Can you make an offer without a viewing?

can you make an offer without a viewing?

Can you make an offer without a viewing? An important question now that the housing market seems to be picking up. Because if the real estate agent's schedule is full and you desperately want to get your dream home, can you actually make an offer unseen? In this blog article, we explain.

Buying without looking

We all know it from the well-known RTL program Kopen Zonder Kijken, where real estate agent Alex van Keulen buys a house on behalf of seekers without having seen it himself. Apart from the fact that it is an exciting thought that you are spending a large amount of money on something you have not yet seen, the question also arises: can you make an offer without a viewing?

Blind bidding

When a candidate makes an offer without viewing the property we also call this: 'blind bidding'. There can be several reasons for blind bidding, but the most common are:

  1. If a spot is no longer available for a viewing
  2. If a professional party (such as an investor or developer) is involved
  3. If someone wants to be the first to bid to get ahead of the competition

Risks of blind bidding

The biggest risk of blind bidding for a candidate is the so-called "duty of inquiry" for prospective buyers. This means that a buyer is expected to properly inspect the home for any deficiencies or defects so that one knows what is being purchased. Not inspecting the home, or not inspecting it properly, soon results in this obligation not being met, and that can cause major financial problems.

Suppose you made a blind offer on a very popular house. The seller agrees to the proposal but then the problems begin. When you get the keys to the house, everything turns out to be wrong: the window frames are rotten, the roof leaks, pest problems, the list goes on and on.

If, in this case, you as a buyer seek redress from the seller, you will in almost all cases be left empty-handed. A judge will always rule that you as a buyer have not fulfilled your obligation to investigate. After all, you could have seen most of the defects by viewing the house in real life instead of on the funda photos.

Blind bid for a seller

The same story applies to sellers, but from the other side. At first it sounds tempting, even before the first viewing a good offer has been received. That saves a lot of appointments, tidying up and stress! But the prospective buyer still wants to take a quick look at the house, and together it is decided that the buyer can take a quick look inside after signing the purchase agreement.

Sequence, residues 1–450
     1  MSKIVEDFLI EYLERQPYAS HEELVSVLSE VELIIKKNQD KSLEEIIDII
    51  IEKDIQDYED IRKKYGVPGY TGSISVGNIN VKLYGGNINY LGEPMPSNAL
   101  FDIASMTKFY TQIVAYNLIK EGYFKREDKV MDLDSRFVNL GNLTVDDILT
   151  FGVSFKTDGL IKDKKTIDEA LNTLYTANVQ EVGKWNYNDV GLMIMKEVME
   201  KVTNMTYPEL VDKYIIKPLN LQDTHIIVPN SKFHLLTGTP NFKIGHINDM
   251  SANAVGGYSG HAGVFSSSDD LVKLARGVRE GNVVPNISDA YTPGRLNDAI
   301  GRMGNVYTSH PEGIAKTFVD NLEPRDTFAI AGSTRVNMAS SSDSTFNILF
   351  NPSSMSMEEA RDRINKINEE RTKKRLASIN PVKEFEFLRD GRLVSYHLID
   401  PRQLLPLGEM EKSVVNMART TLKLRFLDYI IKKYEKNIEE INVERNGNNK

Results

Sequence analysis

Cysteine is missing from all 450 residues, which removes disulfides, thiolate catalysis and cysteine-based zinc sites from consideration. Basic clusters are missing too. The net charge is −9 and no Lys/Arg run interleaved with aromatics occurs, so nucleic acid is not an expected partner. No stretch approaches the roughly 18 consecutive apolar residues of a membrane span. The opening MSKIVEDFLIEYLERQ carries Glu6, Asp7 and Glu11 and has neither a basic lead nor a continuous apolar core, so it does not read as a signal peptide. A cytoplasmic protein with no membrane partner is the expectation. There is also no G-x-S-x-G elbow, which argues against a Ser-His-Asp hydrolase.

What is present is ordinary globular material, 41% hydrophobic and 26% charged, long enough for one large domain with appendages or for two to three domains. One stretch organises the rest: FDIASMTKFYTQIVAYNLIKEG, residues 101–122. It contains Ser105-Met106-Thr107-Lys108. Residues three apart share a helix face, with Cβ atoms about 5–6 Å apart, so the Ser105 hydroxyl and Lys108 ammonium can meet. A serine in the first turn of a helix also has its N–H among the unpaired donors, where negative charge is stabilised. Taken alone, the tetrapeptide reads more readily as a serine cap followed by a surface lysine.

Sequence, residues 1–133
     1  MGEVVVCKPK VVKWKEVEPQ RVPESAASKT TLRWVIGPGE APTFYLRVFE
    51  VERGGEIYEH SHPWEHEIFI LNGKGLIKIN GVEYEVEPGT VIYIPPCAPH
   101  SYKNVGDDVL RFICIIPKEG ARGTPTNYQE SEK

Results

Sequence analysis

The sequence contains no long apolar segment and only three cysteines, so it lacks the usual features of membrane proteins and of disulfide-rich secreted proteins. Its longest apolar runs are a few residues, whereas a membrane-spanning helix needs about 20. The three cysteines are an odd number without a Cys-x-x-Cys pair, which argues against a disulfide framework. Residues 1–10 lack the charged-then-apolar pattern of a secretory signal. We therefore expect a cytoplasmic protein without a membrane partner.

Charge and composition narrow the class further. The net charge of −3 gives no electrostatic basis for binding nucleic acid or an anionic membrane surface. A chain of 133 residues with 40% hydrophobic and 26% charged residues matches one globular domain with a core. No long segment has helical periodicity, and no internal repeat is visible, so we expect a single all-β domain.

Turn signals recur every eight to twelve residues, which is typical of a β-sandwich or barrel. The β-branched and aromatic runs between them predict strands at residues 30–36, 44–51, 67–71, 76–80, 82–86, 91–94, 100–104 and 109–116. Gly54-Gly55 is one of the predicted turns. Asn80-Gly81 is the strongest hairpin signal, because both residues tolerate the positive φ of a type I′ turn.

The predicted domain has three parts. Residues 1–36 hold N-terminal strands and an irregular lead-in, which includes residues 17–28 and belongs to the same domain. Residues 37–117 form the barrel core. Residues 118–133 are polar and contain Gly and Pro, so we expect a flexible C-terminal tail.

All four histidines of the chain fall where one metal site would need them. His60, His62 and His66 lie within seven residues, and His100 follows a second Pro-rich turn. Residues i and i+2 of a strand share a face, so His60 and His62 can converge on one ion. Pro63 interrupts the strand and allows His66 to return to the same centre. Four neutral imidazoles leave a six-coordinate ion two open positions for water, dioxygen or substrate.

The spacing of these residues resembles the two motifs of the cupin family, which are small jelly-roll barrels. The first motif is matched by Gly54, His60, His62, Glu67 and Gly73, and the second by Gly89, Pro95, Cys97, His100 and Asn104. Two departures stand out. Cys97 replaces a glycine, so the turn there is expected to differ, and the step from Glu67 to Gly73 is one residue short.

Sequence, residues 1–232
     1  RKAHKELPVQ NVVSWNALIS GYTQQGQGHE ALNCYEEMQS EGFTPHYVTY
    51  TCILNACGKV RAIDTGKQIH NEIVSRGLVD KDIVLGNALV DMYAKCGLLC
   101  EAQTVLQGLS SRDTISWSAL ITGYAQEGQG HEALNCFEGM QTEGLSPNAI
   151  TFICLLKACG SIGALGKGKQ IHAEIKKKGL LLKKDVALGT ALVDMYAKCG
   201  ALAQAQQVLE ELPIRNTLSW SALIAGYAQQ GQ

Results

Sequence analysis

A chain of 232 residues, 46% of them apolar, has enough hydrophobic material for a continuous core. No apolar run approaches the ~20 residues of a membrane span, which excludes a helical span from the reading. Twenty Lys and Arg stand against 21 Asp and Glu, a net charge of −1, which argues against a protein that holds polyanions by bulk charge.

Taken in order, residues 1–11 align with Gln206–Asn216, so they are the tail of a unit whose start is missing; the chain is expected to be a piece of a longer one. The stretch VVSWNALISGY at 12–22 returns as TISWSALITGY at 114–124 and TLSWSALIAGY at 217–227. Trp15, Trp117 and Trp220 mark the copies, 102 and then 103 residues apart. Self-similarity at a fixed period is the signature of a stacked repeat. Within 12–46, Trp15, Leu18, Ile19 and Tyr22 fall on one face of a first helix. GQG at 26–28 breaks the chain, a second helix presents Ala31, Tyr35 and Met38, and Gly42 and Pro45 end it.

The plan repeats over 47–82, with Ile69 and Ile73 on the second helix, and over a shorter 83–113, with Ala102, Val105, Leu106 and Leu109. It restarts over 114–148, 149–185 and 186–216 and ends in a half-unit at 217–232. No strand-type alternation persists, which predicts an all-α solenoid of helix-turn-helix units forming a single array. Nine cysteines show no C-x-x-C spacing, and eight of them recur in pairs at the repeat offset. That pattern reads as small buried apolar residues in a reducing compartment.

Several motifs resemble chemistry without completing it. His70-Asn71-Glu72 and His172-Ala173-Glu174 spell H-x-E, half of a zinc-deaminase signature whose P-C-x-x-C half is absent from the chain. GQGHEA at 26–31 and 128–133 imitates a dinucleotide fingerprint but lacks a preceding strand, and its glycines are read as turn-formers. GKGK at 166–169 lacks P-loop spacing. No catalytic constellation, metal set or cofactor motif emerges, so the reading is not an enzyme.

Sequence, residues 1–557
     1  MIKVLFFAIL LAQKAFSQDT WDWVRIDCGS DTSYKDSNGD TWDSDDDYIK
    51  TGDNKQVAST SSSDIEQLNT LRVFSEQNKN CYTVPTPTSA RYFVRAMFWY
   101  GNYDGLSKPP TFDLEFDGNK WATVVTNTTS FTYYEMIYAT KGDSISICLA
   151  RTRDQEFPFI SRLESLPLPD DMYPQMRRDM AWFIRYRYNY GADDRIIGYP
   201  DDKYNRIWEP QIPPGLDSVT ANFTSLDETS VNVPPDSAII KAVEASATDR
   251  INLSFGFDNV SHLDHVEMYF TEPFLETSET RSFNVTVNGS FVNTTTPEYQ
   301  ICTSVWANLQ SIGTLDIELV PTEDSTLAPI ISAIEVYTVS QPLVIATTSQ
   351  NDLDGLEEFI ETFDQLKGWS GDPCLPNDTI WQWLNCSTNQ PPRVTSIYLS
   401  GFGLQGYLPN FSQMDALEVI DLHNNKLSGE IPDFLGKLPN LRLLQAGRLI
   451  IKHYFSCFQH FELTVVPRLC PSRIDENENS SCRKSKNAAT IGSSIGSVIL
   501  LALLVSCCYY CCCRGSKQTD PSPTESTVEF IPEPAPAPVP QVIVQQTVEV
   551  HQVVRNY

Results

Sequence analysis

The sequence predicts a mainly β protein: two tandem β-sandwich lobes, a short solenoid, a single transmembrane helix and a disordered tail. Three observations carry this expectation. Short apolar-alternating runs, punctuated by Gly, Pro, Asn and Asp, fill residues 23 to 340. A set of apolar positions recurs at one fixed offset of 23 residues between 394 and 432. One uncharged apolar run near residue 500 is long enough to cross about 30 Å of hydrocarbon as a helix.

During the brief viewing, the house still disappoints the prospective buyer. After a night's sleep, the buyer decides to abandon the purchase within the consideration period. End result: seller and real estate agent have to register the property again, call all interested parties and probably a worse negotiating position.

For this reason, in most cases, a real estate agent will recommend that the candidate look anyway and go through all the viewings in order to get the most out of the property and avoid risk.


There are, of course, exceptions to the rule. For example, previous examples have always dealt with the risks in a consumer purchasing a home. When there is a professional buyer, someone buying on behalf of a company rather than an individual (e.g., an investor), it may be of interest.

In fact, for professional parties, there is no requirement for writing. This means that when this party makes an offer and you accept it (without signing a purchase agreement yet), the sale is immediately binding. There is no question of the legal three-day cooling-off period and parties cannot go back on this. Note: this also applies to the seller!


Going back to the question: can you make an offer without a viewing? The short answer to this is: yes. When asked whether it is wise for buyers and sellers, the answer is almost always: no! The duty to research counts heavily in the buying process and should not be underestimated. If you do not manage to get a place, it is advisable to hire a buying agent.

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